JANA MORRISON: And for me, I think something that was different from Astrid and I is that I have a hard time, like, speaking up for myself once in a while. And Astrid, if she doesn’t like something, oh, you’ll know it. And I think that’s something I can take away from Astrid. You know, as a woman who is Filipino and maybe sometimes reverts to keeping things to myself to not hurt others, I think I can do a little more speaking up and learning a little bit more from Astrid in that way.

QUESTION: Thank you so much, both of you.

QUESTION: Well, thank you for coming along. We wondered who was going to save us.

SAMANTHA AUCOIN: We’re here for you.

JANA MORRISON: We got you.

QUESTION: You know, we all ask ourselves: What would I do if I was really tested, really confronted with something difficult? So, I want to know, in your young lives, what each you has been through that tested you and what your expectation of yourself is that you could get through things?

BETSY VAN STONE: Ooh. I mean, I guess I will say for myself there is a lot of Lilly and Astrid in me, you know. High school wasn’t always super easy, and that shifts your perspective, I think, for the rest of your life. So, I think I felt a little like, you know, I had to prove myself a little more maybe than some people. And, honestly, in creating these characters, I’ve actually learned a lot from them, which is weird because I wrote them. But they’ve really shown me, you know, if two 16 year olds can battle monsters and struggle through high school and come out of it feeling great, then maybe so can I?

NOELLE STEHMAN: Yeah. And I think the only thing that comes to mind is I moved schools right before middle school, which is one of the most awkward phases of time to be a stranger, and I did feel like an outsider at that time. And, I think, just learning that you can survive the idea of being sort of a fish out of water and it’s okay to be scared and it’s okay to be brave and you can get through the unknown. Which, you know, doing this show was a big unknown and a big, exciting challenge and just to embrace that kind of unknown and feeling, you know, like, taking on challenges.

QUESTION: And for our actresses, the actresses, do you feel like you’ve been tested, and what’s your assessment of your own strength?

JANA MORRISON: I feel like I have been tested kind of within this acting industry, because for so many years, you try really hard and you put your heart out there and you put yourself out there. And you think you believe in yourself, but when it doesn’t come at the time you want, it’s easy to let that dream go away. And I think that continuing to have that fire and confidence continue on is what really helped me get here. And there could have been times where I could have been doing something else, but this is something I really wanted.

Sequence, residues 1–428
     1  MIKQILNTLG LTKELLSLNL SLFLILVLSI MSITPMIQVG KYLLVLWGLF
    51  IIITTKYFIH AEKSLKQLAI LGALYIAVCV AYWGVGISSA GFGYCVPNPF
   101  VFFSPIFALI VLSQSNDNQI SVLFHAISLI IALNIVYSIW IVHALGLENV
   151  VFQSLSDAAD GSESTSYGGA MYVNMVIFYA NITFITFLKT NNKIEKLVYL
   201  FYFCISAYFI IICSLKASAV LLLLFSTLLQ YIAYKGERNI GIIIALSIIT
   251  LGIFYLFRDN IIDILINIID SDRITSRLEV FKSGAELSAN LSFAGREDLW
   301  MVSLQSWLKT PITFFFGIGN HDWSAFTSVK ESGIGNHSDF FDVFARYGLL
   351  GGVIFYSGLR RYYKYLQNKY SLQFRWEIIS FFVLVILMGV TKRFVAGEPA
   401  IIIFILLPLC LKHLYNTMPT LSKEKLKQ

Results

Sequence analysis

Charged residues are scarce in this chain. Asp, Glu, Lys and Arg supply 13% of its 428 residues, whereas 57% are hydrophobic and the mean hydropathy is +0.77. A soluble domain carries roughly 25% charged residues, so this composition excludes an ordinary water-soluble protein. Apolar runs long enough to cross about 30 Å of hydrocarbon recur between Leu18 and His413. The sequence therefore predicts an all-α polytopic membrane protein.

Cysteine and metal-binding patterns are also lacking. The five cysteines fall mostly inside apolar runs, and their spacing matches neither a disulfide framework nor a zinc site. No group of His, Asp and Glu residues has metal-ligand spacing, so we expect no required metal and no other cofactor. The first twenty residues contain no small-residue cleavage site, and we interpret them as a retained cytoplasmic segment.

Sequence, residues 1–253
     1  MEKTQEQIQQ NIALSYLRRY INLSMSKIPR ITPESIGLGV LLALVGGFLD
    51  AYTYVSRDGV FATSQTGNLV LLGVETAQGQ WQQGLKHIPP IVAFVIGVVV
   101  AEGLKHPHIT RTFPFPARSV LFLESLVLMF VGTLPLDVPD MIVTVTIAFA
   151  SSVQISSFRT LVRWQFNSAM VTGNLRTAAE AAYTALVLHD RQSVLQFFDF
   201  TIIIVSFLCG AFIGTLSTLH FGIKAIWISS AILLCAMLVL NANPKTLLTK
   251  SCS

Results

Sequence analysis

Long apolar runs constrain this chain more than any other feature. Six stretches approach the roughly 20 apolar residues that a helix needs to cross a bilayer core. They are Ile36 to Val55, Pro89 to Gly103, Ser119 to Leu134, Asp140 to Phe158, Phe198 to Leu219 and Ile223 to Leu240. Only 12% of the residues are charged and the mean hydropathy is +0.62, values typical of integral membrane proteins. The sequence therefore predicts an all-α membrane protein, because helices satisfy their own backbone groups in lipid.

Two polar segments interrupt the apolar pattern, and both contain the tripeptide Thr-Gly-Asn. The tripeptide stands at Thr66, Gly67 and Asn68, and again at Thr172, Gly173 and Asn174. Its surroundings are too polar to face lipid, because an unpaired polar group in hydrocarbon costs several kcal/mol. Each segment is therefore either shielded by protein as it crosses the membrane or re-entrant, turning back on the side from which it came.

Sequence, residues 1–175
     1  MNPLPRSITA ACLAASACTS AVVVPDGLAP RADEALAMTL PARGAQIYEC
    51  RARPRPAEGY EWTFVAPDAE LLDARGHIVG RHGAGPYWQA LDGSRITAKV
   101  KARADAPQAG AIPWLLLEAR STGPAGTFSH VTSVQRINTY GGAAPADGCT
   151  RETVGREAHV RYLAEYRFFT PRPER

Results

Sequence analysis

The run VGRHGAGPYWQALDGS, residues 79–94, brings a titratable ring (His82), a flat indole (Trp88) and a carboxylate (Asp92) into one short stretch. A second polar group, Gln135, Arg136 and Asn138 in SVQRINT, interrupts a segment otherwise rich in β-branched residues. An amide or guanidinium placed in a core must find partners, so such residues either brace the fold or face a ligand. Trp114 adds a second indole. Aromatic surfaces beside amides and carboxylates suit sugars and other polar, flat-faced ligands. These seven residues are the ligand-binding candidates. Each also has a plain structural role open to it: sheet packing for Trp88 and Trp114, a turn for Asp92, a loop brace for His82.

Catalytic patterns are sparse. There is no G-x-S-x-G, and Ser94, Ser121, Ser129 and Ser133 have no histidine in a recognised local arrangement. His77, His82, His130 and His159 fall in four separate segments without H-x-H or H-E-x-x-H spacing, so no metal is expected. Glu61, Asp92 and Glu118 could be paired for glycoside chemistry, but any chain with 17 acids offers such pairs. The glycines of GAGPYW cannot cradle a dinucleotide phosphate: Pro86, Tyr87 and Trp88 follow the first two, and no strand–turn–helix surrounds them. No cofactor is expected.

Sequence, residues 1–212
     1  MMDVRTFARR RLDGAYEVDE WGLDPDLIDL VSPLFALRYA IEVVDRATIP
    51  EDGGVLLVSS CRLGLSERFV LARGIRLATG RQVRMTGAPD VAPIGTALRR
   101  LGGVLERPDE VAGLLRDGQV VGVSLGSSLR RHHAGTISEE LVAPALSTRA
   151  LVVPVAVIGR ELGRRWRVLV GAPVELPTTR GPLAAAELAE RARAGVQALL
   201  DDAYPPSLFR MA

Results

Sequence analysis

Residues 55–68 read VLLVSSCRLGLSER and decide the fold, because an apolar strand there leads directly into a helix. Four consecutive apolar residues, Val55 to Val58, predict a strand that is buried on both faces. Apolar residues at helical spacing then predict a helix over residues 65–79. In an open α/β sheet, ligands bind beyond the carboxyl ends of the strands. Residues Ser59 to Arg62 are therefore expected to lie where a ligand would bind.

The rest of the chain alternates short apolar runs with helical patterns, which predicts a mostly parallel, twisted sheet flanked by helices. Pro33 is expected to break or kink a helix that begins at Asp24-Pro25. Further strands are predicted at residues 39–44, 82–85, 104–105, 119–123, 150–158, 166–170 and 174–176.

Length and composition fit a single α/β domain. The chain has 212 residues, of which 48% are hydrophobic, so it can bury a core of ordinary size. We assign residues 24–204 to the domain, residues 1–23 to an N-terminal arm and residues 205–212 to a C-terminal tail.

JANA MORRISON: And I think the confidence in myself really helped me get through.

SAMANTHA AUCOIN: Mm hmm. Yeah. And I would say I was definitely tested. It was a really weird transition after high school for me, and it was I had this really weird, sort of, sense of unknowing and I didn’t really know what was going to happen. I kind of didn’t have much of a plan. I wasn’t really sure what life was going to throw at me or if life was going to throw anything at me. And then, funnily enough, this show happened and it kind of saved me a little, I think, in so many ways. But it definitely gave me this sort of reassurance that the unknown isn’t scary; or that it is scary but it’s okay and it’s okay to not know what’s going to happen next. And I really thank this show and I thank everyone for that, yeah.

QUESTION: Thank you, all, and thanks for coming to save us.


QUESTION: Okay. I have a question for each of the ladies here. For Noelle and Betsy, I’d like to know if you ladies have either teen children or teen relatives. What do they think about this show? And for the actresses, I’d like to know: Would your teenage selves what would they think of Astrid and Lilly?

NOELLE STEHMAN: Well, we don’t have teenage kids. I do have a niece who’s getting toward that age and she’s very excited. And our friends who have teen kids are very excited. I think, though, we’re, in a lot of ways, big teenagers ourselves.

BETSY VAN STONE: Yeah. Well, I was going to say something similar. Like, I don’t have any teenagers, but I am friends with


BETSY VAN STONE: some teenagers, you know, friends’ kids.

And one thing I will say is they’ve all asked me why the show sounds like it was written by actual teenagers. They’re like, “It sounds like the way we talk. How did you guys do that?” And I think it’s because we’re, on a very base level, still 16.

JANA MORRISON: I think my high-school self would be a little intimidated by Astrid because of how she does whatever she wants and she doesn’t care what authority thinks. She just is, and if you don’t like it, you can go.

SAMANTHA AUCOIN: Yeah. I mean, I think my high-school self would probably really empathize with Lilly and would probably feel comfort in all of Lilly’s insecurities. And I think my high-school self would absolutely love this show and would get a lot from it. And, again, I wish I had this show when I was in high school because I feel like it would have really helped me.

JANA MORRISON: Uh, my high-school self would have loved the show.


QUESTION: Thank you, ladies.


QUESTION: Hi. I’m from the Filipino channel ABS CBN, so, of course, my question is for Jana.


QUESTION: Asian matters. Phew, you can’t see me, but I’m a little bit teary eyed at the